Zoann managed asthma symptoms for nearly two decades only to find that the doctors she saw over those years had never truly seen her. They had never looked beyond her diagnosis to see that she had multiple health issues going on.
When Zoann visited an emergency room in 2010, an attending doctor identified there was more to address than just asthma. Though this would alter the course of her life, in that moment she was grateful to be seen holistically.
These are Zoann’s words, from experience to advice.
Asthma was Only Part of the Medical Picture
I was diagnosed with asthma in 1992. During the next 18 years, the symptoms got worse and the methods of treatment became less effective. This left me taking a 60 mg daily dose of prednisone from 2006-2010.
In July of 2010 I had what I thought was another severe asthma attack. When my home treatment plan did not work by that evening, and the asthma symptoms of coughing and breathlessness were getting worse, my roommate insisted on taking me to the ER.
The ER doctor took one look at me and said, “You may have asthma, but you also have Cushing’s syndrome and possibly other conditions. We’re going to admit you and run a bunch of tests.” I cried, because no doctor had ever looked beyond the asthma. No one saw my multiple health issues and what was going on inside my body.
I was discharged 10 days later, leaving with the original asthma diagnosis and a list of additional diagnoses. I had Cushing’s syndrome, peripheral neuropathy, vocal cord dysfunction, vertigo, glaucoma, and major depressive disorder.
A New, More Complicated Reality
The trickiest part of managing multiple health issues has been figuring out a schedule that includes 22 different medications that have 22 different requirements for using (with or without food, morning only, evening only, bedtime, every six hours, every eight hours, etc.).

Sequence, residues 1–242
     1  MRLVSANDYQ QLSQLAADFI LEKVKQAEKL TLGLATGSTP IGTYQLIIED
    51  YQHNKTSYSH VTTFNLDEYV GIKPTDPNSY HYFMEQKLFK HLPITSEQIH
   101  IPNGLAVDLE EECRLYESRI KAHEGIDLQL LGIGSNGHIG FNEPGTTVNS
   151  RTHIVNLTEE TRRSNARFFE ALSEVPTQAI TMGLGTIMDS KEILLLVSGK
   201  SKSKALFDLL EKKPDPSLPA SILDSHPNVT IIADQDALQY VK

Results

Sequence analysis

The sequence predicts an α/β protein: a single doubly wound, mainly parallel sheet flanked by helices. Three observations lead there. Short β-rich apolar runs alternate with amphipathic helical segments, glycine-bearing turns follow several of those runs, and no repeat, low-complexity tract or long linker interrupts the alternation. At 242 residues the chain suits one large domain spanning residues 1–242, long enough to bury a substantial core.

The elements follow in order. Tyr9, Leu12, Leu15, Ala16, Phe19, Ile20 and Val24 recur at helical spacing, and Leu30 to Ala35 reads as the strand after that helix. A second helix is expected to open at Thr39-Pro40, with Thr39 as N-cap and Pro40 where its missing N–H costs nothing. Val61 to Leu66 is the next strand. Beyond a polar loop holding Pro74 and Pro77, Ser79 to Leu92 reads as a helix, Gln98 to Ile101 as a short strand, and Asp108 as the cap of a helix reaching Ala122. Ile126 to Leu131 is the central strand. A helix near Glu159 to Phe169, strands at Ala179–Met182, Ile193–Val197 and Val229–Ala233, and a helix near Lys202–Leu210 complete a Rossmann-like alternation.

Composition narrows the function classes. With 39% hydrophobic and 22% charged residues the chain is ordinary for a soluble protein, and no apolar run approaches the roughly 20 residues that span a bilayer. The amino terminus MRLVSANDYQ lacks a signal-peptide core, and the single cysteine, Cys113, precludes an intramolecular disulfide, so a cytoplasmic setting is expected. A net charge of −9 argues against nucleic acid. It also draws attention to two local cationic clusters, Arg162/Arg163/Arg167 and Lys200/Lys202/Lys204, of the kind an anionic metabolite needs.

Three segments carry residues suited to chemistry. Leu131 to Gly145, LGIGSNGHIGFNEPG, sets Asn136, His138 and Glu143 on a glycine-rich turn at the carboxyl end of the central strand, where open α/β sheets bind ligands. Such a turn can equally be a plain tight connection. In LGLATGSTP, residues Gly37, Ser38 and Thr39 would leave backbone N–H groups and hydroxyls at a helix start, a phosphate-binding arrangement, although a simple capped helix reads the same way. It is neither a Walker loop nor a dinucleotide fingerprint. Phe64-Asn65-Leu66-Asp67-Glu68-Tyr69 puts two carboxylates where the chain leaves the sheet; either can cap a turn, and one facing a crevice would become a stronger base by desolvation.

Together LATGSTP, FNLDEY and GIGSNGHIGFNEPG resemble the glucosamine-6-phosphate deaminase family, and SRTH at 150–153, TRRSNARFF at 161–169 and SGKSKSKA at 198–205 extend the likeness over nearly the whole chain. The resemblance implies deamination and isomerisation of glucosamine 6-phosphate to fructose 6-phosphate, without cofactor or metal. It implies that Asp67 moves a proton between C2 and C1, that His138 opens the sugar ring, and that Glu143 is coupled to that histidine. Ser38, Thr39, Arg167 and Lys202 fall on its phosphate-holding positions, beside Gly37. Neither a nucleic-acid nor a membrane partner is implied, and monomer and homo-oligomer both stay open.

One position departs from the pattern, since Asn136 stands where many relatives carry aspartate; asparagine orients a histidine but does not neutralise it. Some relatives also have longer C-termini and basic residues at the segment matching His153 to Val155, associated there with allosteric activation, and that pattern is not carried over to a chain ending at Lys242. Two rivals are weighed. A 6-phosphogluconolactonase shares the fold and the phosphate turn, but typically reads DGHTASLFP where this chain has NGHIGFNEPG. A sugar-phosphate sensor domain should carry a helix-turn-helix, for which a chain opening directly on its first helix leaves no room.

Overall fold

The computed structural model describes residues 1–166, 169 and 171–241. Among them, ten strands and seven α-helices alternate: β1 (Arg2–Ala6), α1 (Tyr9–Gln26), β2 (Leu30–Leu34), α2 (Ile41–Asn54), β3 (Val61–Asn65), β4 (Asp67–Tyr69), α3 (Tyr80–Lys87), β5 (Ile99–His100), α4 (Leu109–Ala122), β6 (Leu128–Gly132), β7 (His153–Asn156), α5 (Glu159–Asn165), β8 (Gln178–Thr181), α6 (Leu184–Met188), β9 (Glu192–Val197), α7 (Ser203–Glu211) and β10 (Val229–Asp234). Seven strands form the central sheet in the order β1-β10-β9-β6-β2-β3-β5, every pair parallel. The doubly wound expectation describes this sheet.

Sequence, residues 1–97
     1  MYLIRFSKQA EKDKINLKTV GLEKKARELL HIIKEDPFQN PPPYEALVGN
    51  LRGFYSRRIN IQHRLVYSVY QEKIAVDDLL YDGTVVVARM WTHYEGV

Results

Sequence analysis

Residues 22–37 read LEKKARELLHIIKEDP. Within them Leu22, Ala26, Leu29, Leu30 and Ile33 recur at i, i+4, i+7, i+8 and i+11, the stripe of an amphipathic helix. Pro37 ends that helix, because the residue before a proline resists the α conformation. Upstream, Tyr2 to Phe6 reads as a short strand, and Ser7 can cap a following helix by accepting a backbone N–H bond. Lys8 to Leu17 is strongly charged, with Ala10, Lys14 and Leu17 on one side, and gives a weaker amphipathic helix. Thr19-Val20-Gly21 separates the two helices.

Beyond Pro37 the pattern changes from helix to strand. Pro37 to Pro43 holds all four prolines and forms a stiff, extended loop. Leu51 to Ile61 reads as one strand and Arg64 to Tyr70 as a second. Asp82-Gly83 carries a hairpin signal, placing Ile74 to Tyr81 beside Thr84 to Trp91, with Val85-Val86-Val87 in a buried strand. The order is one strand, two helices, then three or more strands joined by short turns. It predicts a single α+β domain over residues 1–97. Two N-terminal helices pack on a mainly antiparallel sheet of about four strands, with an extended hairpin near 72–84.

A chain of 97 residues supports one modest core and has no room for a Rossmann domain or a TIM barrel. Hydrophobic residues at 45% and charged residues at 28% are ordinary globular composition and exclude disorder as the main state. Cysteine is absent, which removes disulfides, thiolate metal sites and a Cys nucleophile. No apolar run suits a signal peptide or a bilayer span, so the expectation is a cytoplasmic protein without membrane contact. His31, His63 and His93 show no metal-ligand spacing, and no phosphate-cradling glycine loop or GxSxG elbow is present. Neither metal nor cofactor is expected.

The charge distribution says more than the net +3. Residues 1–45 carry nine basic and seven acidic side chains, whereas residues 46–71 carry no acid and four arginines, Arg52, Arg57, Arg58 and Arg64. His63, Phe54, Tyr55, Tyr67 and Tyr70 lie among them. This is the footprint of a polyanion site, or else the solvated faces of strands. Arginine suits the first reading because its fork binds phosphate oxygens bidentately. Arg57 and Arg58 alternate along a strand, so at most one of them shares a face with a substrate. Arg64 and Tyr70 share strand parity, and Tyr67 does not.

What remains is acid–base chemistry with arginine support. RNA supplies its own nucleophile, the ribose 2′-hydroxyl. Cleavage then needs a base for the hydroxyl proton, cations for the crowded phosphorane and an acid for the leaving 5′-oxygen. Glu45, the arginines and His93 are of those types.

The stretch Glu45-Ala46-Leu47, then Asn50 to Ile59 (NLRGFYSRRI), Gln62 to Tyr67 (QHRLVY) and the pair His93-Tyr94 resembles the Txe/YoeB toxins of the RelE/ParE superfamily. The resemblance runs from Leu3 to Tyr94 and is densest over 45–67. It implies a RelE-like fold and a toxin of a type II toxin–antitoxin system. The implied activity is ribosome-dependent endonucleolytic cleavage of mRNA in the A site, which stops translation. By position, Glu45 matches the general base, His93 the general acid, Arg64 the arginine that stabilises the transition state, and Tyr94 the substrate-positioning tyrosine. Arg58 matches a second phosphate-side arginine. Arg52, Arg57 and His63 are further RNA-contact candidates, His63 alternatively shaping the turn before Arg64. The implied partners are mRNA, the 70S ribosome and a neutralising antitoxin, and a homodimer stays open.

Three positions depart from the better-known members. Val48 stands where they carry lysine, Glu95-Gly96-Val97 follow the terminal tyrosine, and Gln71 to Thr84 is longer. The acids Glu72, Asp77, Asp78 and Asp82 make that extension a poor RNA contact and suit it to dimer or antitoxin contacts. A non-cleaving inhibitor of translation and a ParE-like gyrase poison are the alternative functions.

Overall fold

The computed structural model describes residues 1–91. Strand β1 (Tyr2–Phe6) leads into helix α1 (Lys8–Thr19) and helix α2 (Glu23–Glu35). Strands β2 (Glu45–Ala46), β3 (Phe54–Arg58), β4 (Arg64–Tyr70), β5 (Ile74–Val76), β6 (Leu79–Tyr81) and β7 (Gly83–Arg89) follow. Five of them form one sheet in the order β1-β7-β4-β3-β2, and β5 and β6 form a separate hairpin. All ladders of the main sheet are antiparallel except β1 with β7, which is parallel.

This journey would be much more difficult for me without the help of my friend/caregiver. She helps me with my activities of daily living, assists with managing my medications, advises on scheduling medical appointments and makes sure I have enough tissues to get through bad (and occasional good) news after those appointments. She also helps me to determine my care priorities.
The first priority consists of the daily activities: medications, personal care, food, activities of daily living, appointments, and the rests and naps necessary to function.
The second priority is house care: house-keeping lists for my caregiver, budgeting and bill-paying, repairs and replacements, all the minutiae of making sure there is a roof over my head. A most important priority of care!
My biggest source of comfort is my black cat, Mr. Troubles. [He] has trained himself to wake me when my breathing changes and becomes Velcro Kitty when I return home from a hospital visit, refusing to leave my side until he is convinced that I will be OK (usually after I start cleaning his litter box instead of asking a friend to do it).
Practicality & Passion
My advice to someone with multiple health issues would be to have all of your medical information carefully listed. Have the names of the conditions, the medications and dosages for each condition and any medication allergies. Have the the names and specialties of your doctors, current immunizations and past surgeries. Keep your lists updated and make sure you have spare copies to hand out. Use them with new doctors, to take to the ER and to leave on the refrigerator door for the medics.
Make sure you take time for yourself each day; take a nap, read or watch a funny story, even just changing clothes can make a big difference in mood and attitude.
Living with multiple health conditions is challenging, frustrating and lonely. But there are ways to make it tolerable. Find something that you can do, that you are passionate about, even if you can only manage to do it for a short time each day. It will help.
Diagnosed with asthma in 1992; Cushing’s syndrome, peripheral neuropathy, vocal cord dysfunction, vertigo, glaucoma, major depressive disorder in 2010
Have you ever felt like a doctor didn’t look beyond one symptom or diagnosis to see your overall health? Share the experience.